David Cameron's 2014 Eid al-Adha reception speech
This was published under the 2010 to 2015 Conservative and Liberal Democrat coalition government
The Prime Minister welcomed British Muslims to a Downing Street reception to mark Eid al-Adha.
A very warm welcome to Number 10 Downing Street. As-salamu alaykum. It’s really great to have you here for this Eid al Adha commemoration. Tonight I want to say something about the importance of Eid; I want to say something about the enormous contribution that British Muslims make to our country; and I want to say something about the work that we’re all doing as a country to help Muslims around the world.
But before I say that I want to say something about what a difficult Eid I know it has been because of the terrible events in Iraq and Syria and the appalling brutality of ISIL. But in the midst of this brutality and the awful beheading of British hardworking good, compassionate men like Alan Henning and David Haines, in the midst of all that, something has emerged in our country which makes me incredibly proud. And that has been the response of British Muslims who have stood up and stood together and said: “These appalling events are not being done in my name.” And I felt so proud of British Muslims in everything that you have said and everything that you have done. And let us say again tonight that these people in Iraq and Syria doing these appalling things, they have nothing to do with the great religion of Islam, a religion of peace, a religion that inspires daily acts of kindness and generosity.
And that leads me to what I wanted to say about Eid. Because I’m not a scholar of any religion but what I love about Eid is it demonstrates how close together our religions are. Because of course we’re thinking of sacrifice, and we’re thinking of compassion. We’re thinking of the moment that Abraham showed his readiness to sacrifice to God because he was prepared to give up his son. But God said, “No, you must take a lamb instead.”
This is the same in my Bible as it is in your Quran. But what I love with what you have done with the festival of Eid is that you’ve taken it one stage further and said that that lamb should be sacrificed in 3 ways: for family, for friends and neighbours, and then a third for those that are neediest in our society and in our country. And I think that lesson of sacrifice and compassion that I understand at the heart of Eid is so important and something that should bring all our religions and our communities together.
The second thing I wanted to say is just about the contribution that British Muslims make in our country. I’ve spoken about the extraordinary outpouring there’s been about these appalling events in Syria and Iraq, but we shouldn’t be surprised about that because British Muslim communities are immensely proud of being British and they give an enormous amount to our country. British Muslims are actually the most generous, charitable givers that there are of any community in Britain, and that’s something to be immensely proud of as well as all the contributions to the arts, to literature, to music, to sport.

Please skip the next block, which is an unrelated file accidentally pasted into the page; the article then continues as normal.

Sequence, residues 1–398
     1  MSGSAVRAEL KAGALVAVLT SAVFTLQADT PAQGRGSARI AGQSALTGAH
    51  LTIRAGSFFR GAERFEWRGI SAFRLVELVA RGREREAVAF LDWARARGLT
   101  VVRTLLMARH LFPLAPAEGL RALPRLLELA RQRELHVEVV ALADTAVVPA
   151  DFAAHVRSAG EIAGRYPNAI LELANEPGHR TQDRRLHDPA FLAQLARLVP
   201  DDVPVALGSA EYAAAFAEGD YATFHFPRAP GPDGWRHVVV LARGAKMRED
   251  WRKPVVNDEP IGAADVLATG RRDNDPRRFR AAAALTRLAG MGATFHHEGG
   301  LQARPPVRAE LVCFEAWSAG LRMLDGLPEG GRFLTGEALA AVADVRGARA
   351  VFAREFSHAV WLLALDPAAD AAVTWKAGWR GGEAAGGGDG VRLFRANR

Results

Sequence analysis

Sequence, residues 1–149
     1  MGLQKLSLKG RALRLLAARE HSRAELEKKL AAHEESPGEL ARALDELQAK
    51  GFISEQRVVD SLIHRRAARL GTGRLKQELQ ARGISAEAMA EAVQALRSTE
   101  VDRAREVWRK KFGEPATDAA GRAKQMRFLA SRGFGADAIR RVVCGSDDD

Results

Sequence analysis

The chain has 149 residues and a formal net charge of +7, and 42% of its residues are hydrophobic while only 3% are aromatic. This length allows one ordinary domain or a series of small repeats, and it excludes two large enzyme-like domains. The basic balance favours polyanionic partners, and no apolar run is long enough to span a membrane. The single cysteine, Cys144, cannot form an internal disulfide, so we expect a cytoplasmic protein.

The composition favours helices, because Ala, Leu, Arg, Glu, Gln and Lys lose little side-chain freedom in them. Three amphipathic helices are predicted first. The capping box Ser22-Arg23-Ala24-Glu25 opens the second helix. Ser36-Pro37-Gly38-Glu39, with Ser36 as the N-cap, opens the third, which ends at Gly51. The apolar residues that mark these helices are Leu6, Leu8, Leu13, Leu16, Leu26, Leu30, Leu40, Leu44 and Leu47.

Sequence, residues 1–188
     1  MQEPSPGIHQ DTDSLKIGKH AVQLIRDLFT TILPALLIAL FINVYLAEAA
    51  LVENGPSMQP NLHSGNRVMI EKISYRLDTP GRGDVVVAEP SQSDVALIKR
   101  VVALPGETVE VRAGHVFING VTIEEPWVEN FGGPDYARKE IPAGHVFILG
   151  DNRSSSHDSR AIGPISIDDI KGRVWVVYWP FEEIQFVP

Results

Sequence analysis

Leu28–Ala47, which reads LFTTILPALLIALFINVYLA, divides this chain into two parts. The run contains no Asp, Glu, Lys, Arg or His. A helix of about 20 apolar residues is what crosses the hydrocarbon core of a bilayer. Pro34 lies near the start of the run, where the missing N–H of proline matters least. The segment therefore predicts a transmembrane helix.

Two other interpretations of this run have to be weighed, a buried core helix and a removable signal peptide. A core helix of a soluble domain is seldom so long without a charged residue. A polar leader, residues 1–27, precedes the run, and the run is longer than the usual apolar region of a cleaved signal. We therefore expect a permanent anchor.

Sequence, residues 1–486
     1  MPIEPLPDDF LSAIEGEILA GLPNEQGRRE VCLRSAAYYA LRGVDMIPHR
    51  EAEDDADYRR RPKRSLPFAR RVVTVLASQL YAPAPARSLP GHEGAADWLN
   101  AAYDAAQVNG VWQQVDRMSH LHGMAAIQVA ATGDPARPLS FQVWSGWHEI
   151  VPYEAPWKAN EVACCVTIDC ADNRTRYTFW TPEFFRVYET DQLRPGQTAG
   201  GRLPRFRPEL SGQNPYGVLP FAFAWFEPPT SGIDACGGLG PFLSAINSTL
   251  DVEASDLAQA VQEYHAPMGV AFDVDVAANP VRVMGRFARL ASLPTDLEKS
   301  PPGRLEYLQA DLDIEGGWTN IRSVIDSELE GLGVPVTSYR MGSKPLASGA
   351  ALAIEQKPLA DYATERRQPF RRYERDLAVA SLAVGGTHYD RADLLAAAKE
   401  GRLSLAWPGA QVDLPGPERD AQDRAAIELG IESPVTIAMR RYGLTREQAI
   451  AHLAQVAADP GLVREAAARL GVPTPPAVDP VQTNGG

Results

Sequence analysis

Before my conference speech I met an absolutely sensational British Muslim woman who not only ran 2 superb restaurants but was also a teacher, was also a Conservative councillor and was also the mother of 5 brilliant children, all of whom I met. And that made me think about the hardworking people in British Muslim communities who are absolutely standing up for the values that make this country great: values of enterprise, values of family, values of community, values of hard work. And that is what we’re celebrating tonight.
Third and final thing is just to say a word about what we’re doing as a country to help Muslims who are suffering around the world. And I think perhaps we don’t say enough about this, and I think perhaps we need to say more in all our communities to demonstrate to people who care passionately about the suffering people go through about what a generous and compassionate nation this is. We see these appalling problems in Syria with so many refugees and so many people suffering. Britain is the second largest bilateral donor of any country in the world. We’re always the first to step up and step forward, and we should be proud of that.
I’ve just been chairing a meeting today about how we respond to the appalling crisis of Ebola in West Africa, where Muslims and Christians are suffering alongside each other with this appalling affliction. Of course America has taken some great steps but Britain again is the second country in the world, spending £125 million to help people in West Africa. We’re sending ships. We’re sending helicopters. We’re sending doctors. We’re building 700 beds to help those people. If you look at who funds the Palestinian authority, again, Britain is one of the most generous donors, not just to help with aid but also to help with governance and with expertise so that Palestine can have the statehood that it so richly deserves.
So in all these areas we should celebrate what we do, what British Muslims do but what our whole country does for those who suffer around the world. We made a promise to the people of the world, the poorest of the world, that we would spend 0.7% of our GDP on aid and development, and we’re one of the few countries in the world that has kept that promise. And that is helping Muslims all over the world, whether in Syria, whether in Africa, whether in East Asia, all over the world. And I think we should be proud of that.
So, thank you for coming tonight. Thank you for your contribution to our country. I hope that with all the difficulties of Eid we should celebrate the enormous number of people who’ve made the pilgrimage to the Holy City. And so it only remains for me to say Eid Mubarak. Thank you.